Schooling in the Future: A South African Scenario

  • Focus on the education system as a whole

South African Education Scenarios for 2019
World Bank Group Education Strategy 2020
Window on the Future: 2025 Projections of education attainment and its impact
African Futures 2050: The next forty years
AIDS in Africa: Three scenarios for the education sector
Education Counts: Towards the Millennium Development Goals


Start Again


The evidence is mounting that the above systems are misguided meritocracies, where scientifically unfounded methods of gauging the intelligence of each individual are used to grade and sub-divide our young, especially in their early years, with the inevitable result that those at the “top” receive the most focus, and become tomorrow’s elite. Naturally, those elites see little wrong with the education system – “it worked for me” – and so usually are not motivated to consider, and particularly to allocate resources for major revisions.

To start again, we need to find ways of NOT producing elites based on poor evidence, but instead recognize that each healthy human is born with a brain similar to all others in its potential, but with remarkable degrees of diversity between individuals. We need to help each individual understand the potential of their minds, how best to use them, and in which areas they appear to have particular mental strengths. There remains much research to be done in this regard, but four focus areas come to mind:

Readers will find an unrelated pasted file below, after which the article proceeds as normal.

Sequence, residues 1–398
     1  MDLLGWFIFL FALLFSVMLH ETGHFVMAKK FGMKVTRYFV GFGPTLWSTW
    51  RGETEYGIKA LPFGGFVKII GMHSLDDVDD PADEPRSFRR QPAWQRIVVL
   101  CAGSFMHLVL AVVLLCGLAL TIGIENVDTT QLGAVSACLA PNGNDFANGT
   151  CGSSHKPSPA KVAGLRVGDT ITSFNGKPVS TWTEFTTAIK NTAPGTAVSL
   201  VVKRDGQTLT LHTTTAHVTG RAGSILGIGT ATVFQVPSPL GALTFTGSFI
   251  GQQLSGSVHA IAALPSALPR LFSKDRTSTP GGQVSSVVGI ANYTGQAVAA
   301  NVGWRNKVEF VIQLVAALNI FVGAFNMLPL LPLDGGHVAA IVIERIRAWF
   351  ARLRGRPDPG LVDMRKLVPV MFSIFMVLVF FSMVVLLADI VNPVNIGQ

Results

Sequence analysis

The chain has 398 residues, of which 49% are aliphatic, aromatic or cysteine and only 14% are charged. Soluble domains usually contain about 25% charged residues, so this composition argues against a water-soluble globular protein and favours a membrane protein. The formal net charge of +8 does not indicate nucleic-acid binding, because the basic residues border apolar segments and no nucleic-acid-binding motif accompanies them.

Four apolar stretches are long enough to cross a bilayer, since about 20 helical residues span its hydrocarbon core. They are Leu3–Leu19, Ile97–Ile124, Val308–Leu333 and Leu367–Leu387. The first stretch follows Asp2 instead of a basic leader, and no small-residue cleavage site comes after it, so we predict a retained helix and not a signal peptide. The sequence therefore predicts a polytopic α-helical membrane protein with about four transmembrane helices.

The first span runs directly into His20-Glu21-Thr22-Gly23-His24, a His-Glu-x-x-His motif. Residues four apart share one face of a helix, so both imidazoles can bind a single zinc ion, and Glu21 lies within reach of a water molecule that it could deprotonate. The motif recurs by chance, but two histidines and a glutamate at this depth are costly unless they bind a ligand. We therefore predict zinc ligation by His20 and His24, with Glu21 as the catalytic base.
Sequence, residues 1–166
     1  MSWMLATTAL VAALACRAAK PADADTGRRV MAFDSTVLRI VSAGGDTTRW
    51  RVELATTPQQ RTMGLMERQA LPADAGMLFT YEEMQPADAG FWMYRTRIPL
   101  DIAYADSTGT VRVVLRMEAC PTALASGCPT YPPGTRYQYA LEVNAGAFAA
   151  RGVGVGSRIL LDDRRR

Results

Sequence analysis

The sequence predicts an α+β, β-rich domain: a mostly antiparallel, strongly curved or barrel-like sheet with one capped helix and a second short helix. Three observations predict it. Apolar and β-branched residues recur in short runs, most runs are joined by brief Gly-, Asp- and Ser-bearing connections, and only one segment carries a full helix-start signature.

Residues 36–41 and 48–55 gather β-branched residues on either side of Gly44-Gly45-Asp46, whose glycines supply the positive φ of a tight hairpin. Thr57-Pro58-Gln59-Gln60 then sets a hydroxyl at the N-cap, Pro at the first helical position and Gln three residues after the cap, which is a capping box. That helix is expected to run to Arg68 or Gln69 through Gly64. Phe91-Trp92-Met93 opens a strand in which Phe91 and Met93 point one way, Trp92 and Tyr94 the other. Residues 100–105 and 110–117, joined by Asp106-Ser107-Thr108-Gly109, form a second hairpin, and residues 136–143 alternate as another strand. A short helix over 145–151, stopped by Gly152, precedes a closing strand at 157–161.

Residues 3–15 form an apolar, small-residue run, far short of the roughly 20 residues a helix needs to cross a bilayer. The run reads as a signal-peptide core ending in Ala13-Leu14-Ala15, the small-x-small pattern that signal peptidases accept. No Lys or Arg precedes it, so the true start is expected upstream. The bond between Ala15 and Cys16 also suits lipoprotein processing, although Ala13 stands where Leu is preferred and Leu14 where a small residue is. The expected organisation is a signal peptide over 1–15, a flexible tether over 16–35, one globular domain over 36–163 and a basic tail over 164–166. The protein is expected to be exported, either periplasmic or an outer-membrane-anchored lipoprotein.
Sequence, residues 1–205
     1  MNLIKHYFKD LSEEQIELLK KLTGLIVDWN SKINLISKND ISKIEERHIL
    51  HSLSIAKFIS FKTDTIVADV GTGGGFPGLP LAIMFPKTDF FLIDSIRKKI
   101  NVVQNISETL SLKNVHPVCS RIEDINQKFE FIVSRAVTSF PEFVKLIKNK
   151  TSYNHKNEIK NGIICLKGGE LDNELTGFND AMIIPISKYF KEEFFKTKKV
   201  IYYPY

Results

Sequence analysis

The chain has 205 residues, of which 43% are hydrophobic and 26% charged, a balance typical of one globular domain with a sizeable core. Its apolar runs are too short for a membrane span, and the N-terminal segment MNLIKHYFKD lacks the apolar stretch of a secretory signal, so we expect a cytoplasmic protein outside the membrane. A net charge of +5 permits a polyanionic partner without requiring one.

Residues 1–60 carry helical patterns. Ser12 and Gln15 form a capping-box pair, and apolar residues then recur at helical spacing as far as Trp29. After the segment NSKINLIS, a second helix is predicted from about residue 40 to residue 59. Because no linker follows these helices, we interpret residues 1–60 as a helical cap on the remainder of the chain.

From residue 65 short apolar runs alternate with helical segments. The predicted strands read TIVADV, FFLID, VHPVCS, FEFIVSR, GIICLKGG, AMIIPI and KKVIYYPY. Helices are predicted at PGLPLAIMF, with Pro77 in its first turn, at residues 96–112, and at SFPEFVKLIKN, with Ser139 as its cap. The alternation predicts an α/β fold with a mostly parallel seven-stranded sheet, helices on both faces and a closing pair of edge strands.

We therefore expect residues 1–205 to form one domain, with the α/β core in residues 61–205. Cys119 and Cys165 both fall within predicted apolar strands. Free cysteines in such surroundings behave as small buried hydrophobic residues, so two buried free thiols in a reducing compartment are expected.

• Learning by discovering
  • Learning by doing
  • Learning in small groups
  • Gaining knowledge without the “silos” of disciplines

Shikshantar is an applied research institute dedicated to catalyzing radical systemic transformation of education
2020 Forecast: Creating the Future of Learning
Towards new learning networks
The Future of Education and Learning
2020 and beyond: Future scenarios for education in the age of new technologies
The Future of Knowledge Creation: Visioning a Capacity Revolution – a Futures Literacy Workshop
The Future of Education by Thomas Frey